During the three day event I had the opportunity to talk with senior government officials about our access request for mainland apples. We are currently second in the queue for approval, after nectarines. I was assured that everything is being done to progress our request as quickly as possible. They also reiterated that this is a two-way process and that support for access for Chinese fruit to Australia is given due consideration (admittedly, Chinese apples have had access to Australia for a number of years). International trade is a two-way process and is not just about us getting access for Australian fruit into China. The entry of Chinese table grapes into Australia is currently under consideration by our government officials, awaiting further supporting pest data from Chinese authorities.
Meeting fruit importers in Vietnam
Following the trade show in China I went to Vietnam. This was a good opportunity to meet with importers in this developing market which imports significant volumes of Australian grapes, stonefruit, citrus and small volumes of pears. Disappointingly, the market closed to Australian suppliers from 1 January 2015 due to concerns over Mediterranean fruit fly.
My first stop was Hanoi to meet with Kleve Trading. This company has its own chain of fruit shops selling all imported fruit throughout Hanoi and imports a range of Australian fruit including stonefruit, cherries and citrus. They are also interested in purchasing Australian apples and pears this season if access issues can be resolved. Their stores are all located in and around the wealthy districts of Hanoi, servicing expats, embassy staff and wealthy locals. I was really impressed with this company – they are forward thinking and clever with their simple marketing techniques. When I visited they were selling gift hampers for ‘Teacher’s Day’. Premium fruit is a preferred gift for special occasions. This is the type of organisation Australian growers need to partner with as quality is a more important consideration than price.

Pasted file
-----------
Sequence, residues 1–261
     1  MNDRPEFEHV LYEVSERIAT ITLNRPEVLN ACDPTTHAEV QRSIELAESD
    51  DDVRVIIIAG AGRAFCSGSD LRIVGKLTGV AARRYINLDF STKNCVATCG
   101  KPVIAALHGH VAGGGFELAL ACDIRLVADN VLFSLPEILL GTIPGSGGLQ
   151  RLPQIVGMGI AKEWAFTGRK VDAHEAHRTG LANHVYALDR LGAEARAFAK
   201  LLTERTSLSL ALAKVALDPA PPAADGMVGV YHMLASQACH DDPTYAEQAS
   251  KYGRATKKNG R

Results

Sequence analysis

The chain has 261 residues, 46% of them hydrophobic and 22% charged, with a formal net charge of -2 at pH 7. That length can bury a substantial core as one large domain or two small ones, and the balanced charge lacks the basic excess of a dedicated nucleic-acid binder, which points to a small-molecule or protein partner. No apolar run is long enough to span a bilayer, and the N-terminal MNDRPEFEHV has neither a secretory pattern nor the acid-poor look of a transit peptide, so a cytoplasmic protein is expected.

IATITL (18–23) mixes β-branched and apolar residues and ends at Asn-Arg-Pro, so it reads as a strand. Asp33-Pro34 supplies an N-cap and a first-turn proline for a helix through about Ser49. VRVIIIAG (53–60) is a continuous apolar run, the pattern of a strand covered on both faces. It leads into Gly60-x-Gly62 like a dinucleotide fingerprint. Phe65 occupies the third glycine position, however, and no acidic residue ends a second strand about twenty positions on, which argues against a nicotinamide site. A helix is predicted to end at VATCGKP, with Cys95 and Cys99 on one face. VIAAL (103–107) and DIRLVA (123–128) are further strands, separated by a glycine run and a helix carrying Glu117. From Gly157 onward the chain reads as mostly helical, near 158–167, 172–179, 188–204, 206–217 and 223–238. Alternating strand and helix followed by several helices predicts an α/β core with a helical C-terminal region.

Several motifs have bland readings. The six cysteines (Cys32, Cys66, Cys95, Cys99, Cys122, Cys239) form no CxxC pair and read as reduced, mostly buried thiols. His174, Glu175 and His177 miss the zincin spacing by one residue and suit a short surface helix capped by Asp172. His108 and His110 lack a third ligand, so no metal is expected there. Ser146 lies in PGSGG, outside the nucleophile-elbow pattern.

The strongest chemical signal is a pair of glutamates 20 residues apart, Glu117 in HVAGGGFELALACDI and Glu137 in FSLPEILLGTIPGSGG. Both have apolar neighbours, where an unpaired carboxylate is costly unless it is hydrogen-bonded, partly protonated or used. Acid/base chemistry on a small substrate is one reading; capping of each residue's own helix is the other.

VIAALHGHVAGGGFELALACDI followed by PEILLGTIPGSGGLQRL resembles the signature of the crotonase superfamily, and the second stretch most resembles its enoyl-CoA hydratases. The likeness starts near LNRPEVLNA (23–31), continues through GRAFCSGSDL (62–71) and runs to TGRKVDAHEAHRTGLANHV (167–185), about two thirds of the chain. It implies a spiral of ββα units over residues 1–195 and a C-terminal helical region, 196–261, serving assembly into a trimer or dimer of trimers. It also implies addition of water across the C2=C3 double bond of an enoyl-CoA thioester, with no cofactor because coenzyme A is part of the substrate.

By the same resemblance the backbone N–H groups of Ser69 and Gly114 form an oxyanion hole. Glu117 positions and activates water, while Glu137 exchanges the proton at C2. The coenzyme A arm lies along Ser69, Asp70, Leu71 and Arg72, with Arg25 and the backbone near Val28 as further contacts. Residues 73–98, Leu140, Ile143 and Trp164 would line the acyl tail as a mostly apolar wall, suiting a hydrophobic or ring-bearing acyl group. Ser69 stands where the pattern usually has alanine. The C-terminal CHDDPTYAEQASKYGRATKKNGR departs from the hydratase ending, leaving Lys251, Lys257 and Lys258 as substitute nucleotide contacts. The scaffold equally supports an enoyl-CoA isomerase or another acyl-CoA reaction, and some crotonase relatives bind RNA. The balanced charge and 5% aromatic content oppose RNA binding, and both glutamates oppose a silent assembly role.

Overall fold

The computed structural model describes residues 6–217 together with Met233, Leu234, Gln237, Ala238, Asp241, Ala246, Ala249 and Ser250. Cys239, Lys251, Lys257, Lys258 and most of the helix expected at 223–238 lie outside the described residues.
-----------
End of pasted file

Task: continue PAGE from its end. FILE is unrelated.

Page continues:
Whilst in Hanoi I also visited some high-end supermarket outlets including the Korean-owned Lotte Supermarket. The fruit category was of high quality at the premium end, with a full range of imported produce available.
Ho Chi Minh City
In Ho Chi Minh City I met with a range of importers and retailers. Metro Cash & Carry is a German-owned discount supermarket chain with nineteen outlets across the country. Metro also operates in other South East Asian countries. Metro supplies fruit direct to customers and services the hotel/ restaurant/ catering sector. Their focus is big volumes and small margins. Apples were retailing from Chile (Gala at $3.40/kg), New Zealand (Gala at $4.00/ kg) and USA (Fuji at $4.60/kg and Ambrosia at $6.65/kg). Whilst some of these price points seem low, it was pleasing to see fruit at the more expensive end still selling well. It was interesting to learn about the impact of different stickers on Australian oranges on sale. The fresh produce manager of the store explained that customers are looking for a brand rather than a generic label, but that multiple labels in the same shipment creates confusion for buyers.
One importer I met, Dai Kim Phat, intends to open stores featuring all Australian produce. This would provide a fantastic opportunity for our industry to supply apple and pears on a regular basis. Specialist importers such as Classic Fine Foods are also keen to import niche items such as paradise pears to supply the restaurant and catering sector. An airfreight protocol is critical to allow Australia to send small but regular orders. Many exporters only want to bother with the ‘big’ orders, but there is definitely a space in the market for growers or exporters who are prepared to service the needs of smaller customers. Being able to send mixed shipments is also important while importers build their volume of imports.
Quality must be a key focus for our industry as we cannot compete on price alone. Growers who want to export should consider setting aside particular blocks in their orchard for export orders. Taking extra care during the growing season to ensure a high quality crop with good colour and size, as well as a commitment to meeting technical requirements (chemical residues etc) should be a focus.
It is critical that our Australian Department of Agriculture addresses our access to Vietnam as a matter of urgency. There is no shortage of demand for Australian produce in the market so regaining access needs to happen sooner rather than later.